We talk about how to lead followers – but what about leading leaders?
Or, more specifically, how do we effectively team with other leaders to drive changes, hammer out a new initiative, raise funds, promote an idea to the Board – or – participate effectively as a Board member?
We see it all the time. And, we cope by joking and complaining about the “power struggles,” bullying, and begin to label our teammates with not so nice labels.
When working with a team of strong willed, independent thinkers, convinced that their way is the only way, here are some survival tips:
1. Listen 80%, Talk 20%
It’s amazing what we learn when we genuinely listen. Not speaking or focusing on our next brilliant utterance, but listen to what is really being said by others. Valuable team time can be squandered when we are not really listening to each other. And, it’s easy to move into conflict when we begin to make assumptions about what we think we are hearing when only half listening. Try applying the 80/20 rule to listening in team meetings and see what the true landscape is.
2. Ask Clarifying Questions – Don’t Assume.
There is a reason that the word ASSmption begins with those first 3 letters…. Take time to clarify what you think you hear, especially if the comment seems out of line with the discussion or what you expect. It also helps if the question is asked with respect, without hidden agendas and in true question format. For example:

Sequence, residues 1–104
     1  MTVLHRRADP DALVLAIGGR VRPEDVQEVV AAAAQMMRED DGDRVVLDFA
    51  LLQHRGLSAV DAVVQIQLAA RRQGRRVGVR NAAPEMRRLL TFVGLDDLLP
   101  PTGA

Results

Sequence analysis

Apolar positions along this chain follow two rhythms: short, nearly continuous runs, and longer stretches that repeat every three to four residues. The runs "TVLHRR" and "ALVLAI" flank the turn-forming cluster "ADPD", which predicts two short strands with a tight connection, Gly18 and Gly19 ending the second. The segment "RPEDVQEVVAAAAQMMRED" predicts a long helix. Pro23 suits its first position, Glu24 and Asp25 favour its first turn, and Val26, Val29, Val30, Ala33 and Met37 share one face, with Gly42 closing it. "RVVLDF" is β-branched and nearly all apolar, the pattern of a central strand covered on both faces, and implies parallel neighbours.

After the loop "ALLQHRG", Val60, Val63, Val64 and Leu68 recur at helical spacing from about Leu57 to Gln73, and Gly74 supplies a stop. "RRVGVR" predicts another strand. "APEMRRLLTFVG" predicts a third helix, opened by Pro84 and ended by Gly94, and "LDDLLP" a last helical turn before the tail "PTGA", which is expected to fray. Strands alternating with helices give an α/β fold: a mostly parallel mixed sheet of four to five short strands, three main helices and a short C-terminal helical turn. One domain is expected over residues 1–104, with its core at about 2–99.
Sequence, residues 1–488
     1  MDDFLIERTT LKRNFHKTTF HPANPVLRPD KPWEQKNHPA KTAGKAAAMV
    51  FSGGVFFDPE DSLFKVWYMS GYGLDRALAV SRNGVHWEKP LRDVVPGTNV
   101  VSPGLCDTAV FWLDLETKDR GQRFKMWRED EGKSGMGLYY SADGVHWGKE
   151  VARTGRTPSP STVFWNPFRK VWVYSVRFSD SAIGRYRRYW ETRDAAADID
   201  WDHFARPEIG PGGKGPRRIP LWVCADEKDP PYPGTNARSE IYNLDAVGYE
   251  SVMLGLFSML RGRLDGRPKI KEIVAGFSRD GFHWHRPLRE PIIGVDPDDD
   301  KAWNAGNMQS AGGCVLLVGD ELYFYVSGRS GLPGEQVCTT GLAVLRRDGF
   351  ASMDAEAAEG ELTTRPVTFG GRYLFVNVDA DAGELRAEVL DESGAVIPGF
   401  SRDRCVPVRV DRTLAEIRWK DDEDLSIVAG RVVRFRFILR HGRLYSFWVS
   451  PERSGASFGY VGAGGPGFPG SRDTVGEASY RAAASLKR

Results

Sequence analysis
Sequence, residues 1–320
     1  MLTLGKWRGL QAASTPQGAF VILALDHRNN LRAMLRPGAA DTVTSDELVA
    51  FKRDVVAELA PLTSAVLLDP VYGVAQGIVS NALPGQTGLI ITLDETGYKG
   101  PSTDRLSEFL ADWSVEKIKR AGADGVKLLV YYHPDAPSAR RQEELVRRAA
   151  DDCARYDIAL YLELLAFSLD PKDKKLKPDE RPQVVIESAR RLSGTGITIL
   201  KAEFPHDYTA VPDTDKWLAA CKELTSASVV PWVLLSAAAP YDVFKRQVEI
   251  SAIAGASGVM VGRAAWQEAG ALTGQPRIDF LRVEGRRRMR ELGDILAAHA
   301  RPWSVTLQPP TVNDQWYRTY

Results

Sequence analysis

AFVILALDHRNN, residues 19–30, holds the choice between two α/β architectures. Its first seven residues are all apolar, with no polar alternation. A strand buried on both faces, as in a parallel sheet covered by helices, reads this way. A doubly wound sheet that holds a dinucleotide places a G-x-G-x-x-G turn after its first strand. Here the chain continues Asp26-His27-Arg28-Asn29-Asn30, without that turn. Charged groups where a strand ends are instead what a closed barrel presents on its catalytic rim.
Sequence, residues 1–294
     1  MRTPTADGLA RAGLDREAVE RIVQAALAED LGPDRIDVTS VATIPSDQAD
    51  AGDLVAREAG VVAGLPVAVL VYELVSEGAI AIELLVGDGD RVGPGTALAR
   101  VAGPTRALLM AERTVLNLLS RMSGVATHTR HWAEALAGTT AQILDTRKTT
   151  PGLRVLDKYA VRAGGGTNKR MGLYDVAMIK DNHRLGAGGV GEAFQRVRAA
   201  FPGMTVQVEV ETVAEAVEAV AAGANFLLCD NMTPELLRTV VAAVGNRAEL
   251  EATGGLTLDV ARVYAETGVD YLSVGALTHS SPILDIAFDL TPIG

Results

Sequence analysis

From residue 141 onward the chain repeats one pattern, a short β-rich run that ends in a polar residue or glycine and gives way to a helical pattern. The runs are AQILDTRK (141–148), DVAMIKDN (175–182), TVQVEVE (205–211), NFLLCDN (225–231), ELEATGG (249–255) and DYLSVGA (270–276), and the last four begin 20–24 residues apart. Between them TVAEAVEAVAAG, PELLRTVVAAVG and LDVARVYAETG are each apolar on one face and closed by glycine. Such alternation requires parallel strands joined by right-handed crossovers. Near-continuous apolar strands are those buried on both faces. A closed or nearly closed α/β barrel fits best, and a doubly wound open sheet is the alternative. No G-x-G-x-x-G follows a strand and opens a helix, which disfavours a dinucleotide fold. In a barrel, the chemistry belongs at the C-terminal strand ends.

Do ask:, “Fred, are you saying you believe the delivery should be next week as opposed to this week?
Don’t ask: ” Fred, you can’t possibly mean that the delivery should be this week as opposed to next week!” [Besides being a statement as opposed to a question – the real statement is the underlying tone – “Fred, you idiot! You can’t possibly mean that the delivery….” You get the idea.
I see this in teams – alot. The not so subtle “clarification” that is really intended to coerce the other party back to the speaker’s way of thinking. The attitude in which a clarifying question is asked is just as important as the question.
3. Focus on the problem that needs to be solved – not the personalities.
Tug-of-wars in meetings can pop up without much warning when the focus is on each other rather than the problem to be solved. If a team is debating more than required to uncover data that helps the decision making process, shift the focus. If in a room together, shift focus to the problem on a whiteboard or flip chart. If in online meeting, highlight in meeting tool and/or verbally restate what you think the problem to be solved is- sometimes, just restating the problem statement, will refocus attention. Arguing is guaranteed to diminish as you partner with each other to solve the issue at hand.
4. Remember, as a servant leader – it’s not about you.
Skilled leaders, remember that it’s not about “winning” or “losing.” It’s about driving the new initiative forward. Enabling the change to occur, etc. The best outcome is the one where something gets done, all feel engaged, energized and respected.
Where can you shift focus this week and team with your leadership colleagues to make a difference?